Times of celebration and significant events, like Christmas, can be a particularly difficult time for many people. It’s a day that is often seen as a time to celebrate and spend time with loved ones, but it can also be yet another reminder of a loss, and this can trigger emotions of grief and sadness.
In the lead up to significant events, dates and anniversaries, the first question you need to ask yourself is:
What do I need at this time?
This is not a selfish question. Significant occasions can be confronting and difficult, so make sure that you tune into your own needs, as well as those around you.
Tips for coping
These are some strategies that you can try that you might find helpful if you are grieving. It is important to do what feels right for you as everyone grieves differently.
Put yourself first
You may want to have a quiet day on your own or to spend time with friends and family. Decide how you want to spend the day, and let friends and family know so they can better support you. Free yourself from any expectations and give yourself permission to not be okay.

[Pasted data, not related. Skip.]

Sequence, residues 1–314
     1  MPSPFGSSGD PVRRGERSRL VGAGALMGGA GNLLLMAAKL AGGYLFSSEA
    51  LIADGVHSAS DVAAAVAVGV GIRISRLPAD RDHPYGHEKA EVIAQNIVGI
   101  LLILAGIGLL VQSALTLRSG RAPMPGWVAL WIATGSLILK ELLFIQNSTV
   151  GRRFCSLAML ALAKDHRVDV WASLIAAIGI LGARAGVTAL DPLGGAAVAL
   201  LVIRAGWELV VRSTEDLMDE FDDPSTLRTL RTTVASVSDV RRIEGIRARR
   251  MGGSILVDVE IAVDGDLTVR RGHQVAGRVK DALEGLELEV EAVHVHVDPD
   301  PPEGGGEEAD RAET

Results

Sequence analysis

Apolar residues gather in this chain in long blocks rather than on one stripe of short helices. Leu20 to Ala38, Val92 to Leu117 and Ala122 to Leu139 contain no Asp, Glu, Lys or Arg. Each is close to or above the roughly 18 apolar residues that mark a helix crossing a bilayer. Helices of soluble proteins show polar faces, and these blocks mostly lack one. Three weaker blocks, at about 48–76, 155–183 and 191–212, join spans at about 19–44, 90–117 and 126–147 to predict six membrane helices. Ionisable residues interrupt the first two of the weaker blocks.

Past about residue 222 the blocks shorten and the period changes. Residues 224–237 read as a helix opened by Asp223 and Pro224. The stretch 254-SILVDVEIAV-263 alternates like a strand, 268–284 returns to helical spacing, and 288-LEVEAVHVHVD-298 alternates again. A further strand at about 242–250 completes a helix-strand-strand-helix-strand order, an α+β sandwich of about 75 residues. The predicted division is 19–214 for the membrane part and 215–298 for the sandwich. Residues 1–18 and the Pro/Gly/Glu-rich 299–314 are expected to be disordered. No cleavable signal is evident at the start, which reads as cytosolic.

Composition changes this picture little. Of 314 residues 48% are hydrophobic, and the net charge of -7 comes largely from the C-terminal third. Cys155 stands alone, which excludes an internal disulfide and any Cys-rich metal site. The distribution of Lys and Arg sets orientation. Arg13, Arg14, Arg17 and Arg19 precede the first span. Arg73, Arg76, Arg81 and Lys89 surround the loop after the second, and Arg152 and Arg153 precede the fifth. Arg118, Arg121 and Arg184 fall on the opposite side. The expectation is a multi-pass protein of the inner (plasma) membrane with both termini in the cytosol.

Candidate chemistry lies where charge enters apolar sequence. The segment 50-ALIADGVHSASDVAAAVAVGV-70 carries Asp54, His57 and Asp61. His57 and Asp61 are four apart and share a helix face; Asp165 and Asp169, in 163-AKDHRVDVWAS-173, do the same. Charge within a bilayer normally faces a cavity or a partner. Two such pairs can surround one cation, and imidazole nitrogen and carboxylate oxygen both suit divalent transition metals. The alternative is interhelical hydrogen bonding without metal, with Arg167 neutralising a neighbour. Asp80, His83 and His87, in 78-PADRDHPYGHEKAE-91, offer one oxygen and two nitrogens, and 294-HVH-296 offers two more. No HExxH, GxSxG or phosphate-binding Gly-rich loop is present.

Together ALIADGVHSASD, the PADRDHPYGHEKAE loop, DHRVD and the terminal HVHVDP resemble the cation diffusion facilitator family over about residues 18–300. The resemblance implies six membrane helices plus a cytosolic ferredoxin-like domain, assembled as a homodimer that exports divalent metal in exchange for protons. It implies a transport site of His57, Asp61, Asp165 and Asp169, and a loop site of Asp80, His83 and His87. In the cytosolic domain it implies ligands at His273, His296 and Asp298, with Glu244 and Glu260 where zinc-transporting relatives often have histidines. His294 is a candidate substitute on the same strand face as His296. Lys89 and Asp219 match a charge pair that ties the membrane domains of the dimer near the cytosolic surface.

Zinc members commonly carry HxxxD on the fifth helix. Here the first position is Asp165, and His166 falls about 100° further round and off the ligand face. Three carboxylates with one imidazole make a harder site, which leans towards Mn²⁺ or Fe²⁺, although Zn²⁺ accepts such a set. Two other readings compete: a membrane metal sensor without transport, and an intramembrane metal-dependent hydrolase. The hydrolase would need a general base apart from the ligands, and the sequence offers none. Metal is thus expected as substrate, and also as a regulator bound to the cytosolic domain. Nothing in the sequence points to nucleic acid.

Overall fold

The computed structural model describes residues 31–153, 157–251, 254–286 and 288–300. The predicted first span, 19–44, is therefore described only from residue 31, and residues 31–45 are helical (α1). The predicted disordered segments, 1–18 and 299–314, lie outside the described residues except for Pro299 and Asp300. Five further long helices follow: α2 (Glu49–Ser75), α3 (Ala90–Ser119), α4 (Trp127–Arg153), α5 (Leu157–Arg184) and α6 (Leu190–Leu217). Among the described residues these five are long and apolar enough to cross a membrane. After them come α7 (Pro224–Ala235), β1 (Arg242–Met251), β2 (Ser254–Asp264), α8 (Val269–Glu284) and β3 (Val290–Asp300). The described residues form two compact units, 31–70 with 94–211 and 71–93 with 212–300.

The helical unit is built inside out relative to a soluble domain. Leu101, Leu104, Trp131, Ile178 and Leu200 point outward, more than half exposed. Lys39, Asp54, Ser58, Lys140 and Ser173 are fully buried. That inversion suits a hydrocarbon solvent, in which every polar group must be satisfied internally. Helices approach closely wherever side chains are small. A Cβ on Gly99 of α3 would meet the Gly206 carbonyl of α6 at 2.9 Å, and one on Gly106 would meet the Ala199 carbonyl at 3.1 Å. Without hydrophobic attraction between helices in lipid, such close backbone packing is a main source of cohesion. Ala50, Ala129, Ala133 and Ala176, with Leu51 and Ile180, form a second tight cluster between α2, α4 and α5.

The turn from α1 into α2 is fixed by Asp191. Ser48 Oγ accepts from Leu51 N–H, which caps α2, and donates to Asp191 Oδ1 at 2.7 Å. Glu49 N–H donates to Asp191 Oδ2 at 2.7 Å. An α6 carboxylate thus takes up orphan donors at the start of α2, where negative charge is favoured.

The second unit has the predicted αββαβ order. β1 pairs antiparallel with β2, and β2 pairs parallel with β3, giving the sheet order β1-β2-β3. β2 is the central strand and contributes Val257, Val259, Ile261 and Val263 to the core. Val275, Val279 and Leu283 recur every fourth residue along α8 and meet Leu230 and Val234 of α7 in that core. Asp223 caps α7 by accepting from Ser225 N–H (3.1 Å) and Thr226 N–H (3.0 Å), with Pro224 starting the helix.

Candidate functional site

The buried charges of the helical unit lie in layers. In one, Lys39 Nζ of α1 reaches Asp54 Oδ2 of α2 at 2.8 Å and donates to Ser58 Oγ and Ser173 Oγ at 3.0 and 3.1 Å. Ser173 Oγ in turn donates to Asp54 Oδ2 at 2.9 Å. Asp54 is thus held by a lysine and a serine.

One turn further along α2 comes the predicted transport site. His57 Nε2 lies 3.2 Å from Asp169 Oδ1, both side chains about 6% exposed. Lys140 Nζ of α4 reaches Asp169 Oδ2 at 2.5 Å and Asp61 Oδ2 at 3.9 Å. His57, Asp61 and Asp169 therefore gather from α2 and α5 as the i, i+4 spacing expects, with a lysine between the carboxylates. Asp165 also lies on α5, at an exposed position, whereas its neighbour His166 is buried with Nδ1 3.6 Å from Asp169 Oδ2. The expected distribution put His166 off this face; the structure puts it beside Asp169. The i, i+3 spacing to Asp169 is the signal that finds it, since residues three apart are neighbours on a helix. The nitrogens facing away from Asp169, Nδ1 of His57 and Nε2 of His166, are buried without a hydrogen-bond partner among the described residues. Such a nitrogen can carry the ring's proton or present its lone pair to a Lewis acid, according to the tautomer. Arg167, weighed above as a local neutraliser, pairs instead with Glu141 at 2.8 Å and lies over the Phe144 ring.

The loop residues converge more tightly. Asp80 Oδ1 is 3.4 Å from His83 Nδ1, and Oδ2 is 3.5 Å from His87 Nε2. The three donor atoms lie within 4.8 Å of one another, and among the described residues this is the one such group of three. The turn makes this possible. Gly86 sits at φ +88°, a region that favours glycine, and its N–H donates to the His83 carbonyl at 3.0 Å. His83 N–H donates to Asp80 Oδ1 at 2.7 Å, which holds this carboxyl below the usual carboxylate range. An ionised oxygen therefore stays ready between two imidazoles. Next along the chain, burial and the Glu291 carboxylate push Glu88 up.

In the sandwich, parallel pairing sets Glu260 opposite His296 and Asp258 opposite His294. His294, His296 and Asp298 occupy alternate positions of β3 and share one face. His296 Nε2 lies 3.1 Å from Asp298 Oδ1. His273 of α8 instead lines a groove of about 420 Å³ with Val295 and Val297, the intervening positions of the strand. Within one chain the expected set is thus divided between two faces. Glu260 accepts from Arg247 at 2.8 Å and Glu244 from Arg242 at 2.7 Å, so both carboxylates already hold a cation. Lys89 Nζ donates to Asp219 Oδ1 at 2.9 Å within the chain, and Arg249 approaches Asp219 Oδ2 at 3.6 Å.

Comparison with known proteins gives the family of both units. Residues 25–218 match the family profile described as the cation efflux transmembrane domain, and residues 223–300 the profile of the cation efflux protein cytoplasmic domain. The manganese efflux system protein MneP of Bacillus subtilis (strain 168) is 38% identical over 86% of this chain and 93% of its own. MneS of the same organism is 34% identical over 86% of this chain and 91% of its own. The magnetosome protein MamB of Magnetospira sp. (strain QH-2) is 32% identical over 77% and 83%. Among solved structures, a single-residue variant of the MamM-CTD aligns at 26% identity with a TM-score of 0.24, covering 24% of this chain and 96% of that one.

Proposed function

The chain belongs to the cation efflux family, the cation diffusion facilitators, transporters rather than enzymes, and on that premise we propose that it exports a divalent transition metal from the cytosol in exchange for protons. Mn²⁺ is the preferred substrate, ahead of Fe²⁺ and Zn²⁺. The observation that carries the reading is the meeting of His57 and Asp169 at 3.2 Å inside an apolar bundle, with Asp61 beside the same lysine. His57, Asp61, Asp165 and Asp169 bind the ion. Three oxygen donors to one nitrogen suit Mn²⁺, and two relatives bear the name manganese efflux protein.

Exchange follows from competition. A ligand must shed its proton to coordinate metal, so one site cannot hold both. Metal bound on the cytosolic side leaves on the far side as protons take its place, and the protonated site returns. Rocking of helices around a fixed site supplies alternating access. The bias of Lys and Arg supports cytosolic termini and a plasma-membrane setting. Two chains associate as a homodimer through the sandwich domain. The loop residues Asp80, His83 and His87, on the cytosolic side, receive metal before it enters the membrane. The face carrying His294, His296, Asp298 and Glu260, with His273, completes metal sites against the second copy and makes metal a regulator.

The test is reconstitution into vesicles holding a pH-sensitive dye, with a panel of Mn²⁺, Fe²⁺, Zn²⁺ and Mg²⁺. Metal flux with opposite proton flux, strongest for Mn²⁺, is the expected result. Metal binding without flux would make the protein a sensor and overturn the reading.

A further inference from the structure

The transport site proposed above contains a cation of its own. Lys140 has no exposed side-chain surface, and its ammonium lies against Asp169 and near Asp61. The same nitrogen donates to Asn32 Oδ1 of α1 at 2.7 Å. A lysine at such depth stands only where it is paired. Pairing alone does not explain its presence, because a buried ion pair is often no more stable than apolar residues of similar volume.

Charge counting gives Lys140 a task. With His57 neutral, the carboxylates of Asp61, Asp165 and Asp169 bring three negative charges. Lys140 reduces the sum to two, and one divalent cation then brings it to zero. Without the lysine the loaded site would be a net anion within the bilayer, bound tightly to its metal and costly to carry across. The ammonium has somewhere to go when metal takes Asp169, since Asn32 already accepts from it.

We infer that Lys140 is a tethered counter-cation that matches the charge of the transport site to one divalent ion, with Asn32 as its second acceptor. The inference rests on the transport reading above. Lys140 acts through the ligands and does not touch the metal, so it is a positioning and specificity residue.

Try not to suppress your emotions, e.g. if you need to cry, then do so, as you will likely feel a little better afterwards. On the other hand, don’t be afraid to enjoy yourself if this occurs. Happiness and sadness can co-exist and laughter or feeling joy is not disrespectful to the memory of your loved one.
You may want to do something that makes you feel good. It may be as simple as reading your favourite magazine, going for a walk, listening to music, getting a massage or enjoying a good cup of coffee.
Have a simple act of memorial
You may feel it's important to mark the day in a special way with some small rituals to honour and acknowledge your loss. You can do this by lighting a candle, planting or buying some flowers or visiting a place which was special to you. If it feels right for you, you may want to write a card or letter sharing your thoughts and feelings.
You may also wish to make a donation in their memory and dedicate a virtual cornflower here.
Consider arranging to be with someone who understands how you are feeling during these times. Talk to other people about your memories of your loved one and ask them about theirs.
Sometimes it can also be helpful to talk to someone who is not a family member or friend, and there are support organisations available to listen. If you would like more information on services available, then please contact our Information line.
You can also read more about coping strategies on this factsheet by the ACGB.